Early Modern Empires Workshop

The Early Modern Empires Workshop is dedicated to examining empire(s) from a variety of perspectives, including but not limited to political philosophy, state formation, sociocultural and economic exchange, resistance, materiality, mobility, law, and cultures of knowledge across a multiplicity of geographies. By uniting methodological, conceptual and geographical diversity this workshop hopes to create an interdisciplinary space to discuss empire and early modernity, as well as interrogate the limitations of “empire” and “early modernity” as units of analysis.  Speakers are drawn from departments including history, literature, language/cultural studies, philosophy, economics, and political science, and from institutions around the world.  Anyone who shares the workshop’s interests is invited and encouraged to attend our next event.
 
 
 
September 14*
Mark Peterson, Yale University
“An Intoxicant Town in the Empire of Goods: Notes toward a History of Early Modern Desire.”
*Friday, Luce Hall 202, 1130 (light lunch), 12-1330 (workshop). 
Co-sponsored by Yale-CHESS.
 
September 24
Indrani Chatterjee, University of Texas at Austin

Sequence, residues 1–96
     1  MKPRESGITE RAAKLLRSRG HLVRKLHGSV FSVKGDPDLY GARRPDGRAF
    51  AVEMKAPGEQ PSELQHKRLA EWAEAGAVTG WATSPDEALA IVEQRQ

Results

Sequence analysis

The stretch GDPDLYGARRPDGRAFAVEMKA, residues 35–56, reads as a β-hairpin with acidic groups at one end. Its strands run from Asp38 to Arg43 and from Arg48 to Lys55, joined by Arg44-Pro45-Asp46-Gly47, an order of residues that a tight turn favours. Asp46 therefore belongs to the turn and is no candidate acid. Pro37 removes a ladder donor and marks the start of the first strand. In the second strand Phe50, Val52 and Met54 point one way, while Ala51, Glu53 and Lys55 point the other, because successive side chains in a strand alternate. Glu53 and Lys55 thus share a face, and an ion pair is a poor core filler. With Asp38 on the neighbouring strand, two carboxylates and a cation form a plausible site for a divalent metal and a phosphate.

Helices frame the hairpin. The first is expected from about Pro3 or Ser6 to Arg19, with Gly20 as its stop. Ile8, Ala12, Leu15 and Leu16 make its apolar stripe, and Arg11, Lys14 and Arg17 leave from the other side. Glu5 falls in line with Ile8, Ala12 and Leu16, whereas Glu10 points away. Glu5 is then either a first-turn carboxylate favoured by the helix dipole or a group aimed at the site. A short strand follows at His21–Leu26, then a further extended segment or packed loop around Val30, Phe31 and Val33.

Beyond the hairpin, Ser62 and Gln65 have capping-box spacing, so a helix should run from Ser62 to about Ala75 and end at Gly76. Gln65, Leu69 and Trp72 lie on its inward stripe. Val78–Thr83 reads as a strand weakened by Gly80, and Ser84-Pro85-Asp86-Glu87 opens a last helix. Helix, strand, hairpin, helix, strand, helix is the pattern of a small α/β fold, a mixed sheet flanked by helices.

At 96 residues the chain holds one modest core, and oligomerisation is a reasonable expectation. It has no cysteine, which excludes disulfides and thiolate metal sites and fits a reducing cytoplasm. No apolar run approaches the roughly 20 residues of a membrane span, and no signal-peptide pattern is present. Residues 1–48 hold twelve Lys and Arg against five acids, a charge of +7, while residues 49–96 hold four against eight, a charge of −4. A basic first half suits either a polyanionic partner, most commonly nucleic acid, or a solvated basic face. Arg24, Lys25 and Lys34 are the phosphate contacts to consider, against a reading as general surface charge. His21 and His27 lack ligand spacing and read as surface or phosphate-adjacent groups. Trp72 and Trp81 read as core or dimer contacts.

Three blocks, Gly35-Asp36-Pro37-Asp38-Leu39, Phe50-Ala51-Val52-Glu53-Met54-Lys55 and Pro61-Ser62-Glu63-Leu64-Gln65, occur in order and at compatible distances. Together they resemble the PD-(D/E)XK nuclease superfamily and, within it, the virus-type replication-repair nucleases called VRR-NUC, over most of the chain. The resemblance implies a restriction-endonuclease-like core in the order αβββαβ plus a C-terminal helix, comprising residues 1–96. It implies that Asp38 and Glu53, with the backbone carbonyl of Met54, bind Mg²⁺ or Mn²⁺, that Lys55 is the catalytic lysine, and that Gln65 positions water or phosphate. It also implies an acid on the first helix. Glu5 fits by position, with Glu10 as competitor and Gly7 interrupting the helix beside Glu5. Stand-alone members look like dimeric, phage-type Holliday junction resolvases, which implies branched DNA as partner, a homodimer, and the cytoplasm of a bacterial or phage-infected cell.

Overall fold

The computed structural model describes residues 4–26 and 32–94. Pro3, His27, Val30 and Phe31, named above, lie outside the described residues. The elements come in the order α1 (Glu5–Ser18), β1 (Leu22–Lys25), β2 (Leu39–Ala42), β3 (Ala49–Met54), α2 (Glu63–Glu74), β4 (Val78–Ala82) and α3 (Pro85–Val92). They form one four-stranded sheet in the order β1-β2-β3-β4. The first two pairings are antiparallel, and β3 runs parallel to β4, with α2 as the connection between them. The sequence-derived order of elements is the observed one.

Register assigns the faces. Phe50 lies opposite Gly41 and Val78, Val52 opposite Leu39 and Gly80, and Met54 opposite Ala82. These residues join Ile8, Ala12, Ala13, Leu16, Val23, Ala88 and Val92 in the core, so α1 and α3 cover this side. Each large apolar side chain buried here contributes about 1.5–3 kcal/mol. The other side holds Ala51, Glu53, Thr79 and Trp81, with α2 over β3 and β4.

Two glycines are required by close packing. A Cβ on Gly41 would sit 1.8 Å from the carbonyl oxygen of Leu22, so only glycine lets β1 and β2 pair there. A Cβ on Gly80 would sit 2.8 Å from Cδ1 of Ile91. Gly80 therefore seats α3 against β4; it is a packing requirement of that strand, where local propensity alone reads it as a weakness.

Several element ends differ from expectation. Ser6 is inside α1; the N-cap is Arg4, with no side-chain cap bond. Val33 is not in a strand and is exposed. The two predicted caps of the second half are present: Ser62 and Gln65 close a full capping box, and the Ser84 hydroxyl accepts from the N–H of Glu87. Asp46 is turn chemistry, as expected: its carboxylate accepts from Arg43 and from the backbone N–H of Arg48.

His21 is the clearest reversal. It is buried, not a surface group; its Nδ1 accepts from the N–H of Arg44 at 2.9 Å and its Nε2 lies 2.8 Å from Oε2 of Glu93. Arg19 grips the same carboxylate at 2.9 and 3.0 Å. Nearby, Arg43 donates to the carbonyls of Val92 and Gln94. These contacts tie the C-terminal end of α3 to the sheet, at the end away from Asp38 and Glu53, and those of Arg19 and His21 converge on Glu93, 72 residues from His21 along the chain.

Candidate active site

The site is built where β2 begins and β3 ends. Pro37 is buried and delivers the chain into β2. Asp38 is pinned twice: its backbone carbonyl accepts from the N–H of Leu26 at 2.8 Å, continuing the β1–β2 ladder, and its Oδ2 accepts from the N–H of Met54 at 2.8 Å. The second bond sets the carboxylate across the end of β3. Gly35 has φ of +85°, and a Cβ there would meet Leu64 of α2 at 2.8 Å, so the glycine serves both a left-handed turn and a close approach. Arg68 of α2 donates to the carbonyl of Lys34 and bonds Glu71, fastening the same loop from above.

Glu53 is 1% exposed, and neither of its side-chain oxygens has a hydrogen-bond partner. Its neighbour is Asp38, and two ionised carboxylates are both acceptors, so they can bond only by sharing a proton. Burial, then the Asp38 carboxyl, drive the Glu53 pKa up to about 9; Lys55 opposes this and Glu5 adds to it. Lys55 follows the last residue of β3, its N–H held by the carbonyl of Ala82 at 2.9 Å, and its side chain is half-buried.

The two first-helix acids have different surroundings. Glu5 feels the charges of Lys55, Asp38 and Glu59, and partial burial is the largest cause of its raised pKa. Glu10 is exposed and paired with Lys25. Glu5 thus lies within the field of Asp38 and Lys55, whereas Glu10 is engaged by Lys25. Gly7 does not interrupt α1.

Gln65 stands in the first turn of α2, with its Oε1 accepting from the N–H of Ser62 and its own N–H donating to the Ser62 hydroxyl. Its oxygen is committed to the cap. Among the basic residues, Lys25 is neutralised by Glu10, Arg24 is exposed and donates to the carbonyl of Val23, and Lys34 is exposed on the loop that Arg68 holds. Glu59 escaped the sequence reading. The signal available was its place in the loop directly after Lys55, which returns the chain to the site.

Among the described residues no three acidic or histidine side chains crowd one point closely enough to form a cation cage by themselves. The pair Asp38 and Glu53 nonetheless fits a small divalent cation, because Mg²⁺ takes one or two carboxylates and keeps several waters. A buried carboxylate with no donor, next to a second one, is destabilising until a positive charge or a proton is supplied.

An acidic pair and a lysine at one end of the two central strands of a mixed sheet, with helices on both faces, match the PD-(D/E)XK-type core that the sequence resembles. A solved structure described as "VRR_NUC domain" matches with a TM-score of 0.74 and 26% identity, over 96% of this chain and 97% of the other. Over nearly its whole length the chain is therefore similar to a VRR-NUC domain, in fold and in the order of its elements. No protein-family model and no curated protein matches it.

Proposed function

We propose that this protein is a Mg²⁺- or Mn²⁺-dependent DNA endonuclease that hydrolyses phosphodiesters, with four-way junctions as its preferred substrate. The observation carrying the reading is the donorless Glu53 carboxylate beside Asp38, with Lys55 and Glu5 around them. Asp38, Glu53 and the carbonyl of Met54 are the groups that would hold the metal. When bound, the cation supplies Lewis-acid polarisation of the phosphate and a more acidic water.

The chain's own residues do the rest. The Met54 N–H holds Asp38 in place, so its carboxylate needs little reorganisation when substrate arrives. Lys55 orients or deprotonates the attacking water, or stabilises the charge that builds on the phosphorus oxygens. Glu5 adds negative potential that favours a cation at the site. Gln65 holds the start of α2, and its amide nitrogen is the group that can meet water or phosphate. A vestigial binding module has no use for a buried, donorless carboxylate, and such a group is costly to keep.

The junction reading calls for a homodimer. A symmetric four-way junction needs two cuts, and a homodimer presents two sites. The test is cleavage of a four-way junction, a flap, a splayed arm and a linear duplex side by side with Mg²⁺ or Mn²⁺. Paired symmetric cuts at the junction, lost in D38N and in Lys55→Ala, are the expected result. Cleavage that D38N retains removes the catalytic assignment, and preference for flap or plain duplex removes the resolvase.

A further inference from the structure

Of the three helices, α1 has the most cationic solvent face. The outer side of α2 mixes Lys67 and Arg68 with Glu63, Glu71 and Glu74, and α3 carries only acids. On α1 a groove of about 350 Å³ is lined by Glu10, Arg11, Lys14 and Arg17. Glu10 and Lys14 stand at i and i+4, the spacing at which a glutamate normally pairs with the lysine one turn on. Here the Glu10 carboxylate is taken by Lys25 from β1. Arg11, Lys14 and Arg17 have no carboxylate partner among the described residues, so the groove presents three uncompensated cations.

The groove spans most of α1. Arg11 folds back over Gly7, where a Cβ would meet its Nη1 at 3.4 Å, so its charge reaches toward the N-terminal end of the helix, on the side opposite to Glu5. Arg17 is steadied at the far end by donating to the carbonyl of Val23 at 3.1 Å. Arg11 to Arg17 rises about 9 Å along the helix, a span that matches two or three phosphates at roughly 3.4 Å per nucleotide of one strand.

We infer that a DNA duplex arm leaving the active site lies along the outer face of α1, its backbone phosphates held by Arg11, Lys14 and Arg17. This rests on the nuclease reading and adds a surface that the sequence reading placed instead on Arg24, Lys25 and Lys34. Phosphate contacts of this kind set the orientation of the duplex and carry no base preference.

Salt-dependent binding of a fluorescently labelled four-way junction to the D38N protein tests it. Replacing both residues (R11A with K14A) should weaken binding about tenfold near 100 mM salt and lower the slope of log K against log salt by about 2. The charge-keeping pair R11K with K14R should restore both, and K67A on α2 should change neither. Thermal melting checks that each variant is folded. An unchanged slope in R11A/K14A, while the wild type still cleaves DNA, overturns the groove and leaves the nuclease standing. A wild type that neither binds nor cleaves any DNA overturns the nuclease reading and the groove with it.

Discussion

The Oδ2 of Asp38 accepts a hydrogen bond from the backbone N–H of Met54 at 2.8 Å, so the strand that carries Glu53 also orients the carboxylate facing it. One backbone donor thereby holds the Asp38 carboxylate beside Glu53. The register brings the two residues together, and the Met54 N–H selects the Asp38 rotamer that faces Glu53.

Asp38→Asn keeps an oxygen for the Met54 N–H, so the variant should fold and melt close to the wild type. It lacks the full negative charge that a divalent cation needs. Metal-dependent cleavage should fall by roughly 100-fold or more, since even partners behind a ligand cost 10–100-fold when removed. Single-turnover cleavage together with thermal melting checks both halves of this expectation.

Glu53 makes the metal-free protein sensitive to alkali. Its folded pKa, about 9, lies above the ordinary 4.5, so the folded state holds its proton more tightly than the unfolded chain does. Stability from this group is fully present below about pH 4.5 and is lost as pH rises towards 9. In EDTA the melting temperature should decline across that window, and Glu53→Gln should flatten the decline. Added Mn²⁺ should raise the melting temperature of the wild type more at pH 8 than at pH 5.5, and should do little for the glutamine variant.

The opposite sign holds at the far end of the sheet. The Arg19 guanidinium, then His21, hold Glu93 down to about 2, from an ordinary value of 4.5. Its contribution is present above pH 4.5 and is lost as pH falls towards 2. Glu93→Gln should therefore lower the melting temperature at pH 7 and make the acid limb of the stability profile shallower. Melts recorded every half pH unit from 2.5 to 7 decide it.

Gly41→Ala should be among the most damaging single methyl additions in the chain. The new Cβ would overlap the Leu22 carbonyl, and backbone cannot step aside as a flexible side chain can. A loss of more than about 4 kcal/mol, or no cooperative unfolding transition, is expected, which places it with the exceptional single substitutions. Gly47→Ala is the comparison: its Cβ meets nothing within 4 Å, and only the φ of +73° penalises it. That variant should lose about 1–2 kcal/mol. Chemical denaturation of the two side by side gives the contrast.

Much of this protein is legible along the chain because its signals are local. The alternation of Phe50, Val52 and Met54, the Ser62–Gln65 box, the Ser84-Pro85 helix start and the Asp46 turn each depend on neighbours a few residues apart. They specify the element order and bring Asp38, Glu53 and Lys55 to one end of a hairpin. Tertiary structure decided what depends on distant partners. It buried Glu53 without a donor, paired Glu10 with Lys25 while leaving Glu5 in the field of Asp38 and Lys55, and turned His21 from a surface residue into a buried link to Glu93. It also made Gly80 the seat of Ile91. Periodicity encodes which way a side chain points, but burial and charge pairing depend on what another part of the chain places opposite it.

“Disentangling Slavery and Caste in Early Modern South Asian History.”
Monday, Luce Hall 203: 1130 (light lunch), 12-1330 (workshop). 
 
October 8
John Shovlin, New York University
“Free Trade and the Burdens of Empire: Political Economies of Franco-British Imperial Competition, 1761–1774.”
Monday, Luce Hall 203: 1130 (light lunch), 12-1330 (workshop).
 
October 22 
Christopher Willoughby, Schomburg Center for Research in Black Culture, NYPL.”Ordering Anatomical Races in Antebellum U.S. Medical Schools.”
Monday, Luce Hall 203: 1130 (light lunch), 12-1330 (workshop).
 
November 5
Karen Graubart, University of Notre Dame
“ ‘Pesa más la libertad’: Innovative Legal Claims and Afro-Latin American Intellectual History.”
Monday, Luce Hall 203: 1130 (light lunch), 12-1330 (workshop).